April 24, 2011

From NEHJ: Anonymity? Not for long for Coyotes' Yandle

From the obscurity of Phoenix, Yandle's breakout season draws extra attention -- and even Norris consideration

by Jesse Connolly

Coyotes defenseman Keith Yandle. (Christian Petersen/Getty Images)

Editor’s note: This article originally appeared in the April 2011 issue of New England Hockey Journal.

While most of his friends and family back home in the Bay State were busy being engulfed in a winter wonderland over the past few months, Coyotes defenseman Keith Yandle (Milton, Mass.) has had the privilege of showing up to work in what we here in the Northeast would describe as summer clothes.

“You kind of get the best of both worlds,” Yandle said of playing in Phoenix. “You get to wear shorts all year and short-sleeve shirts. You go out to dinner and people don’t know who you are and you can kind of just do your thing, and when you get to the rink, you can just focus on hockey.”

For the time being, Yandle has no qualms with the anonymity that comes along with playing in the desert.

“That’s a pretty good thing about playing here,” he said. “I think it’s starting to come around even more now. People are starting to recognize you around town, so it’s a lot of fun.”

Given the stellar season he’s in the midst of, that anonymity probably won’t be lasting too much longer.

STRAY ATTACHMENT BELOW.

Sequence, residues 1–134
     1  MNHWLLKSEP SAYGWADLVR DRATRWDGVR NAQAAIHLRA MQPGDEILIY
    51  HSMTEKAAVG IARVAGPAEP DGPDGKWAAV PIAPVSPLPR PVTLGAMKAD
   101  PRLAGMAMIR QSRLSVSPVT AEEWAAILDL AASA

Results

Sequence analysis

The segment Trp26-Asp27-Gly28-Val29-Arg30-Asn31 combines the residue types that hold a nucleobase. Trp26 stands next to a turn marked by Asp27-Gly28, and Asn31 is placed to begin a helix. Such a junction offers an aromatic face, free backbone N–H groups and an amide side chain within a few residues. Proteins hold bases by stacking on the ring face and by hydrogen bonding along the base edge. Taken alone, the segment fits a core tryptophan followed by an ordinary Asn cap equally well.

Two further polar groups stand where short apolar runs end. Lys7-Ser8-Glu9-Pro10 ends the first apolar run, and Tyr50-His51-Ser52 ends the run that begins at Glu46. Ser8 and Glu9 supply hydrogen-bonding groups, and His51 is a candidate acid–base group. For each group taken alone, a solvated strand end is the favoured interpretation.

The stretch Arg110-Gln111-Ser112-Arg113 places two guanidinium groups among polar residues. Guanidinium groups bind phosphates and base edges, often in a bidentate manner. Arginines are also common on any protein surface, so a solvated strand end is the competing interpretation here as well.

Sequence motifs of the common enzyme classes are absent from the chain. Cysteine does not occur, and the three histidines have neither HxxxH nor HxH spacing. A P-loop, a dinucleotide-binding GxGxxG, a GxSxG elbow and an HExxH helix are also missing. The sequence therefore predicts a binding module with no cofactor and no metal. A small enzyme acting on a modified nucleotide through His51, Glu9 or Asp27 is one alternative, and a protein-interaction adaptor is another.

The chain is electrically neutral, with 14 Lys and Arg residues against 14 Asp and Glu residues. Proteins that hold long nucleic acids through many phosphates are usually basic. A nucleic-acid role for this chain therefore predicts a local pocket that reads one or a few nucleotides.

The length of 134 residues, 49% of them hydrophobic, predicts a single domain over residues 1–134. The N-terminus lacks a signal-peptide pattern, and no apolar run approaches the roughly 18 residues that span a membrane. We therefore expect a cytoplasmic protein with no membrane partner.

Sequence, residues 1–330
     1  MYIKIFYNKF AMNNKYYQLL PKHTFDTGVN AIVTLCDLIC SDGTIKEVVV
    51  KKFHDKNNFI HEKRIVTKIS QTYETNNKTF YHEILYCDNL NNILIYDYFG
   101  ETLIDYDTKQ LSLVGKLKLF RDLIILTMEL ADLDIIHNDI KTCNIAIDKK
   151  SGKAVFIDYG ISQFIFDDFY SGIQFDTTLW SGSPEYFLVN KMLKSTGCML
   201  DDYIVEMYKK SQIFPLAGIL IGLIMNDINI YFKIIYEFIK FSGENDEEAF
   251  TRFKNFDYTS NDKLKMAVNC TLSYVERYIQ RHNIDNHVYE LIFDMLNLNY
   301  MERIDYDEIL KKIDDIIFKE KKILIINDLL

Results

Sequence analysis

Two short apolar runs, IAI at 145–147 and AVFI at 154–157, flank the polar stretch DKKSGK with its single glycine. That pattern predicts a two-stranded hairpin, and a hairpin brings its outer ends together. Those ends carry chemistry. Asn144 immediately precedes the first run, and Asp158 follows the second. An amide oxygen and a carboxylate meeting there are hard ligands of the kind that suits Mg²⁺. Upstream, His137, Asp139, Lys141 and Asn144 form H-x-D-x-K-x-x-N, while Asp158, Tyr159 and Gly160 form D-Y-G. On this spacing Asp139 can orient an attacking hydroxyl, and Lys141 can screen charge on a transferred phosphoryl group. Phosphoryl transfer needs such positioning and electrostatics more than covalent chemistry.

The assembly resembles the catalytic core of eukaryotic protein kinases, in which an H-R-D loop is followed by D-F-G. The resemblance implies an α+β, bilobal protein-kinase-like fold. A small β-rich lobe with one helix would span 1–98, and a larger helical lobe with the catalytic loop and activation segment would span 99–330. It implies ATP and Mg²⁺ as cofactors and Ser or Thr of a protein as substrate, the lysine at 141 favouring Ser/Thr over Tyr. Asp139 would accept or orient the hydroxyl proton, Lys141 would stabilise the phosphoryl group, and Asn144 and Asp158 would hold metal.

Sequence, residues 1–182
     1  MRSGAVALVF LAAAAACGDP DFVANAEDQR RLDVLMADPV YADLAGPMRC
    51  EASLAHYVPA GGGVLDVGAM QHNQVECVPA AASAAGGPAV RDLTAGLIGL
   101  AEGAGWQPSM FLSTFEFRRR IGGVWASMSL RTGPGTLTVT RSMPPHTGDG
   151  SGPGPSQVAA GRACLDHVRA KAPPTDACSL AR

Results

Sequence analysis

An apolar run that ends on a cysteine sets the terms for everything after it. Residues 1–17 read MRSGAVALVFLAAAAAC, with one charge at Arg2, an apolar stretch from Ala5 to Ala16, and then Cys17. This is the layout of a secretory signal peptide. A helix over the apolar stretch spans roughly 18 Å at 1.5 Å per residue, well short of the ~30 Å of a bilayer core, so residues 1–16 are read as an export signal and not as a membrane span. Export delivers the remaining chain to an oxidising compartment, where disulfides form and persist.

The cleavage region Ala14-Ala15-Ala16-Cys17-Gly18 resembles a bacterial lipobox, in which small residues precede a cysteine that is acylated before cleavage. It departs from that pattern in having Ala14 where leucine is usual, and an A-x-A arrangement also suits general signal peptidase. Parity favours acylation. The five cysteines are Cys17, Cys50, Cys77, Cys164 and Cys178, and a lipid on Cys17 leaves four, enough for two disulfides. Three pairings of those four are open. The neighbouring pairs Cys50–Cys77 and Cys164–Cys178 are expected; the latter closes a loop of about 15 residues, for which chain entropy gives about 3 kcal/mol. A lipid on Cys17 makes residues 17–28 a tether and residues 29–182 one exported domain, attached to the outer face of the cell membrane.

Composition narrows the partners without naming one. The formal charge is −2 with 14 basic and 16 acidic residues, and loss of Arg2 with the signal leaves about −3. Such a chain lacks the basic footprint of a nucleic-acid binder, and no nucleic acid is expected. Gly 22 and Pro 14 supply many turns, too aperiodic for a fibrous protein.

Heading into the Coyotes’ March 22 game against the Blues, Yandle ranked second among all defensemen in the NHL with 57 points, trailing Anaheim’s Lubomir Visnovsky by just a single point for the league lead.

What’s been the key to his killer campaign?

“I think probably confidence,” Yandle said. “It’s just another year in the NHL, another year playing, and you just get more and more confident. You feel better about yourself. The coaches have more confidence in me, putting me out there and playing lots of minutes. It definitely helps out.”

The 24-year-old blueliner credits coach Dave Tippett for plenty of his success, as the Coyotes bench boss steered the team into the postseason for the first time since 2002 last year.

“He’s been huge,” Yandle said. “Obviously, for me, he’s been great. He came in and put in his system and how he wanted us to play. We’ve been able to play it pretty good and that’s the reason for our success. He’s the No.1 reason why we are (in a good playoff position). I think every night we give ourselves a chance to win and that’s because of him.”

One of Tippett’s wisest moves was uniting Yandle with veteran Derek Morris, who returned to Phoenix late last season after brief stints with both the Rangers and Bruins.